England is a country that is part of the United Kingdom.
Enver Halil Hoxha (16 October 190811 April 1985) was an Albanian communist politician who served as the head of state of Albania from 1944 until his death in 1985, as the First Secretary of the Party of Labour of Albania.
Ernst Ziegler (born Ernst Aldoff, 16 April 1894 – 11 April 1974), was a German actor.
Erskine Preston Caldwell (December 17, 1903 – April 11, 1987) was an American novelist and short story writer.
Ethel Skakel Kennedy (born April 11, 1928) is an American human-rights campaigner and widow of Senator Robert F. Kennedy.
Eve Merriam (July 19, 1916 – April 11, 1992) was an American poet and writer.
Ferdinand Lassalle (11 April 1825 – 31 August 1864), born as Ferdinand Johann Gottlieb Lassal and also known as Ferdinand Lassalle-Wolfson, was a German-Jewish jurist, philosopher, socialist, and political activist.
A filibuster or freebooter, in the context of foreign policy, is someone who engages in an (at least nominally) unauthorized military expedition into a foreign country or territory to foment or support a revolution.
François Maspero (19 January 1932, Paris – 11 April 2015, Paris) was a French author and journalist, best known as a publisher of leftist books in the 1970s.
John Francis Lickerish, known professionally as Francis Lickerish (born 11 April 1954 in Cambridge), is a British composer, guitarist and lutenist, and founder member of British art-rock band The Enid.
Francis Pharcellus Church (February 22, 1839 – April 11, 1906) was an American publisher and editor.
Francisco González Bocanegra (January 8, 1824 – April 11, 1861) was a Mexican poet who wrote the lyrics of the Mexican National Anthem in 1853.
Franck Ducheix (born 11 April 1962) is a French fencer.
Frank Mantooth (April 11, 1947, Tulsa, Oklahoma – January 30, 2004, Garden City, Kansas) was an American jazz pianist and arranger.
Frederick I, the Belligerent or the Warlike (Friedrich der Streitbare; 11 April 1370 – 4 January 1428), a member of the House of Wettin, ruled as Margrave of Meissen from 1407 and Elector of Saxony (as Frederick I) from 1423 until his death.
Gaston de Foix, duc de Nemours (10 December 1489 – 11 April 1512), also known as The Thunderbolt of Italy, was a French military commander noted mostly for his brilliant six-month campaign from 1511 to 1512 during the War of the League of Cambrai.
Maria Gemma Umberta Galgani (March 12, 1878 – April 11, 1903) was an Italian mystic, venerated as a saint in the Roman Catholic Church since 1940.
General of the Army (abbreviated as GA) is a five-star general officer and the second highest possible rank in the United States Army.
George Canning (11 April 17708 August 1827) was a British statesman and Tory politician who served in various senior cabinet positions under numerous Prime Ministers, before himself serving as Prime Minister for the final four months of his life.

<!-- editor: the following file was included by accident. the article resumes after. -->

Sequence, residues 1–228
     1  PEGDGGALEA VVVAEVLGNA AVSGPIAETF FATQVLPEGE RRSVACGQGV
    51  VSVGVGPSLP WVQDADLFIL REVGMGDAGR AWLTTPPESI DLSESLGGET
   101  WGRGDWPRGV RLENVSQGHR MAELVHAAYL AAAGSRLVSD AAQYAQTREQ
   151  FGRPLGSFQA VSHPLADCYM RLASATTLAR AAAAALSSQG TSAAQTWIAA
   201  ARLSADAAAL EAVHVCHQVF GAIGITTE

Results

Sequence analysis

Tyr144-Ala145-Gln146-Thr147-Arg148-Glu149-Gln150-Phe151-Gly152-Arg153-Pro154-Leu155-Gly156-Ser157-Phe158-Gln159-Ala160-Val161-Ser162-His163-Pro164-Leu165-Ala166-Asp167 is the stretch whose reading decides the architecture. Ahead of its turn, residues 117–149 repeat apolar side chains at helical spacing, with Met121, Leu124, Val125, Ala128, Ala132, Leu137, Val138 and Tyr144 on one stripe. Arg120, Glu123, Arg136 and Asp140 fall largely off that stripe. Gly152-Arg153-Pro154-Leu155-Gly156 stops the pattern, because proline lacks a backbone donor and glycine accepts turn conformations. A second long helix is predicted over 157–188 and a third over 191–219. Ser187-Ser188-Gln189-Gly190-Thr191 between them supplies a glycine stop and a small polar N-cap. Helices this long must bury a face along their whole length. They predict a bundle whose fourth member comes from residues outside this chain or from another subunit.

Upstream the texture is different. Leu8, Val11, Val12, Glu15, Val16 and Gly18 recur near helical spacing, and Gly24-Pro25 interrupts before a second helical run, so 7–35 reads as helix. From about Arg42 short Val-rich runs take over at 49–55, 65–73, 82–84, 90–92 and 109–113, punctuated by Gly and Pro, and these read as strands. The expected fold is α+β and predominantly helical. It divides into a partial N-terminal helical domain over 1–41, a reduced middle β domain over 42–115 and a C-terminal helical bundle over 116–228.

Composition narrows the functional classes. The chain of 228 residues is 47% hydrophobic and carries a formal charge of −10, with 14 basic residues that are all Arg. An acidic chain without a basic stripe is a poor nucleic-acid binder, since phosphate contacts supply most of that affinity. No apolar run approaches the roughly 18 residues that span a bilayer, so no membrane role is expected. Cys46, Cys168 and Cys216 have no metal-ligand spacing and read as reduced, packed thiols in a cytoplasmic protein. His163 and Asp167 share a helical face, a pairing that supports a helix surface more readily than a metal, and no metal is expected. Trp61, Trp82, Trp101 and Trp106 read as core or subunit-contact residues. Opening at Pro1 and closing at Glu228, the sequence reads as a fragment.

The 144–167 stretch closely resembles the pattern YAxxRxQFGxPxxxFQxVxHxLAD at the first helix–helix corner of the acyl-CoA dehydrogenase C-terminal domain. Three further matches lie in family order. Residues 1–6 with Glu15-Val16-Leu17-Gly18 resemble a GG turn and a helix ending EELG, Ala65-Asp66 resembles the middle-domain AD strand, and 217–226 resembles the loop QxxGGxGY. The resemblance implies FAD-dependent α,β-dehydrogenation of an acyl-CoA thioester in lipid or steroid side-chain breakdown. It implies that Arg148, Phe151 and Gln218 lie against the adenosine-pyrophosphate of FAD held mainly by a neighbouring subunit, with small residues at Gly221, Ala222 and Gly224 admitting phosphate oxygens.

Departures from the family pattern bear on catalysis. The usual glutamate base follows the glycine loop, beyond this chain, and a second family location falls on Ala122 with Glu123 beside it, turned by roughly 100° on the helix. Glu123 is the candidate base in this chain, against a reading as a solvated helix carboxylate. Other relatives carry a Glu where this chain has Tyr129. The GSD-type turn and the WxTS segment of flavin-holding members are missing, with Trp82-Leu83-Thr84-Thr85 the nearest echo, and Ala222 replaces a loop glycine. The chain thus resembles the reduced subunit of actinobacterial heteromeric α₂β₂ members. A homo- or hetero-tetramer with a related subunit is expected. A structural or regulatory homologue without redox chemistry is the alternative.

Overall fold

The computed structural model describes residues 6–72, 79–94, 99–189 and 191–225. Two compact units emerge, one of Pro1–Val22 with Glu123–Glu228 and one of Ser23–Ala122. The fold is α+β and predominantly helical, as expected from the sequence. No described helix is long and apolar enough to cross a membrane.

George I of Pomerania (Herzog Georg I. von Pommern; 11 April 1493 – 10 May 1531) was a Duke of Pomerania from the House of Griffins.
George Joseph Maloof Sr. (April 11, 1923 – November 29, 1980) was an American heir and businessman.
George Coleman Poage (November 6, 1880–April 11, 1962) was the first African-American athlete to win a medal in the Olympic Games, winning two bronze medals at the 1904 games in St. Louis.
George Augustus Selwyn (5 April 1809 – 11 April 1878) was the first Anglican Bishop of New Zealand.
Georgia Bohl (born 11 April 1997) is an Australian breaststroke swimmer.
Gerda Gilboe (5 July 1914 – 11 April 2009) was a Danish actress and singer.
The German student movement (also called 68er-Bewegung, movement of 1968, or soixante-huitards) was a protest movement that took place during the late 1960s in West Germany.
Gerard Austin Baker (11 April 1938 – 24 August 2013) was an American-born Scottish footballer.
The Ghriba synagogue bombing was a deadly bombing carried out by Niser bin Muhammad Nasr Nawar in Tunisia on the El Ghriba synagogue.
Gilles Marchal (2 September 1944 – 11 April 2013), born Gilles Pastre, was a French songwriter and singer who reached the height of his career during the 1970s.
A glass harp (also called musical glasses, singing glasses, angelic organ, verrilion or ghost fiddle) is a musical instrument made of upright wine glasses.
Saint Godeberta (Godebertha, Godberta) (c. 640 – June 11, c. 700) was a Frankish saint.
The Governor of Massachusetts is the head of the executive branch of the Government of Massachusetts and serves as commander-in-chief of the Commonwealth's military forces.
The Governor of the State of South Carolina is the head of state for the state of South Carolina.
Grady Edgebert Hatton Jr. (October 7, 1922 April 11, 2013) was an American baseball player, coach, manager and executive.
The name Greek Orthodox Church (Greek: Ἑλληνορθόδοξη Ἑκκλησία, Ellinorthódoxi Ekklisía), or Greek Orthodoxy, is a term referring to the body of several Churches within the larger communion of Eastern Orthodox Christianity, whose liturgy is or was traditionally conducted in Koine Greek, the original language of the Septuagint and New Testament, and whose history, traditions, and theology are rooted in the early Church Fathers and the culture of the Byzantine Empire.
Gustav Vigeland (11 April 1869 – 12 March 1943), born as Adolf Gustav Thorsen, was a Norwegian sculptor.